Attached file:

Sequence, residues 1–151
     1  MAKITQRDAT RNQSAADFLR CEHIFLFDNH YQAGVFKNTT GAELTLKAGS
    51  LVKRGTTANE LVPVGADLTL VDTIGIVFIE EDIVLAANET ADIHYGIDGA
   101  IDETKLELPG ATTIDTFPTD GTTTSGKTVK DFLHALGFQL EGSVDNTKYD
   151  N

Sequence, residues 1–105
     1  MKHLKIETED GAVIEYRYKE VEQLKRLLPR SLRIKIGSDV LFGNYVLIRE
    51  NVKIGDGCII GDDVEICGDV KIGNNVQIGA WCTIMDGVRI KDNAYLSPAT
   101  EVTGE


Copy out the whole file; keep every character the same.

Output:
Sequence, residues 1–151
     1  MAKITQRDAT RNQSAADFLR CEHIFLFDNH YQAGVFKNTT GAELTLKAGS
    51  LVKRGTTANE LVPVGADLTL VDTIGIVFIE EDIVLAANET ADIHYGIDGA
   101  IDETKLELPG ATTIDTFPTD GTTTSGKTVK DFLHALGFQL EGSVDNTKYD
   151  N

Sequence, residues 1–105
     1  MKHLKIETED GAVIEYRYKE VEQLKRLLPR SLRIKIGSDV LFGNYVLIRE
    51  NVKIGDGCII GDDVEICGDV KIGNNVQIGA WCTIMDGVRI KDNAYLSPAT
   101  EVTGE